Spring Newsletter

March 23, 2015

We’ve had a very eventful winter in preparation for what’s shaping up to be a super summer.

If you want to stay up to date on whale news be sure to follow us on Facebook, Twitter and Google+, and subscribe to our sightings reports by visiting www.princeofwhales.com and submitting your email.

Here are some highlights from 2014!

This past summer we were spoiled by both the quality and quantity of whale sightings. We spotted every marine mammal that is common in these waters, as well as a few exotic visitors, including the ever playful Pacific white-sided dolphin! A species that I saw for the first time in my 4 years of watching whales, and an experience I’m sure will remain a highlight for the rest of my life.

Our largest species of cetacean, the humpback whale, arrived a little later in the area than last year but remained a consistent part of many trips later than normal. We were spotting these guys from August through January! We’re still learning a lot about humpbacks since they’ve made their dramatic recovery after commercial whaling was banned. Most of them split their time between Alaska/Northern BC in the summer and Mexico/Hawaii in the winter, but we’re fortunate enough to have a little population all on our own, some of which stay with us long after the others have migrated.

In addition to our regular characters, a few humpbacks were documented that have never been seen in the area before. We’re thrilled to have new visitors, and this only provides further evidence that the Salish Sea is a dynamic and dramatic ecosystem!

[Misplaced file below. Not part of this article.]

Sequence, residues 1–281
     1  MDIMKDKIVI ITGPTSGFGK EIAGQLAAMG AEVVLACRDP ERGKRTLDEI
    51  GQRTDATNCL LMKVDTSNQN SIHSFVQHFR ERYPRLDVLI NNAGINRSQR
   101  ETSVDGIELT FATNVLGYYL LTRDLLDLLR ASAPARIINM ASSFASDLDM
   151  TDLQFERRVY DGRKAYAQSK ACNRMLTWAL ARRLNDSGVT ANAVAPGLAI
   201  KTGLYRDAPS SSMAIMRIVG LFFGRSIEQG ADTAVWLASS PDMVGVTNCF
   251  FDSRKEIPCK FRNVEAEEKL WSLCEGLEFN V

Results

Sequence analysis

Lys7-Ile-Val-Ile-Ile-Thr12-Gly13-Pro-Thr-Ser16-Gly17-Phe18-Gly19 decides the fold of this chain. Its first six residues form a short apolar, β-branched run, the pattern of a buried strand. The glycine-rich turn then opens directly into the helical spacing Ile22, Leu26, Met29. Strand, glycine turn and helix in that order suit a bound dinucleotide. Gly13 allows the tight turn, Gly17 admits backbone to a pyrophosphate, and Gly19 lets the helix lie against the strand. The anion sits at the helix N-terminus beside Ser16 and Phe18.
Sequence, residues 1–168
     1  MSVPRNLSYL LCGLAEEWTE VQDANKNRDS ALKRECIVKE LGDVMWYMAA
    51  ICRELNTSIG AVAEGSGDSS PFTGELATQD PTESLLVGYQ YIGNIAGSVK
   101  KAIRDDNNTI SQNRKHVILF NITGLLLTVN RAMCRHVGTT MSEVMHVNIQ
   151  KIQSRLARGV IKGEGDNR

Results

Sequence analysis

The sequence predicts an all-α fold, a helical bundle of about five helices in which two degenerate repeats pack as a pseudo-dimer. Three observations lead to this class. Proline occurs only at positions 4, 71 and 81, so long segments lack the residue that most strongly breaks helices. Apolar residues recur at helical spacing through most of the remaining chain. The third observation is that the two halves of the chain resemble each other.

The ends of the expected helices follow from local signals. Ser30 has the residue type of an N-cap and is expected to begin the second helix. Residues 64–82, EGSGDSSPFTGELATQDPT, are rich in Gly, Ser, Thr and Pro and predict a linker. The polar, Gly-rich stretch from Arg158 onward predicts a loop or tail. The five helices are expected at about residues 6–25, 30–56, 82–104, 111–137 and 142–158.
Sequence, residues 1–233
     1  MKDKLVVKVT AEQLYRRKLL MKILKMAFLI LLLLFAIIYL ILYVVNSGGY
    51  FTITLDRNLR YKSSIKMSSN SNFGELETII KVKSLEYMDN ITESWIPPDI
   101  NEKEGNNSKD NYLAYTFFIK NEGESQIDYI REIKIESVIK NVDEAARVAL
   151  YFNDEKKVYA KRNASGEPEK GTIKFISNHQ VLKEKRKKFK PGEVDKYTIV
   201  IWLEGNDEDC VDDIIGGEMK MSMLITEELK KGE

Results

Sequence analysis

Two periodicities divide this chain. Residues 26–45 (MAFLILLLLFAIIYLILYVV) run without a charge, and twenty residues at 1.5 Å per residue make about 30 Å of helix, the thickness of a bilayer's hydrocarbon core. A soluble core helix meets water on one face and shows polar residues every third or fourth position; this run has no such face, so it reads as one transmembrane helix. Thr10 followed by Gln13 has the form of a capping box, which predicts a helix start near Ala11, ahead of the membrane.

The traditionally hit-or-miss grey whales absolutely lived up to their reputation, with less than a dozen reports and even fewer sightings all year. Sometimes these animals hang out for ages, other times their stays are few and far between. Stay tuned in 2015 to see if the greys decide to visit us again!

Transient killer whale sightings were as consistent as they could be for anything called a “transient.” This mammal eating kind of killer whale is totally unpredictable but we spotted tons this past year. More often than not they show up randomly, hunt dramatically, and disappear suddenly. This year we have strong evidence that at least one Minke whale was on the menu! As well we had a couple of sightings of what are called exotic transients. We don’t really know exactly where they spend the majority of their time, but we do know they’ve also been sighted off of California!

The mysterious Minke whales, in addition to being transient prey, hung out consistently in their favourite feeding grounds, and many days proved to be an excellent addition to watching killer whales and humpbacks. Minkes are a rather misunderstood animal, and one with a surprising lack of research devoted to it. Nevertheless they’re big, they’re fast, they’re fun, and they add an entirely new facet to whale watching by introducing the element of smell.  Known in the industry as stinky Minkes, we often smell them before we see them!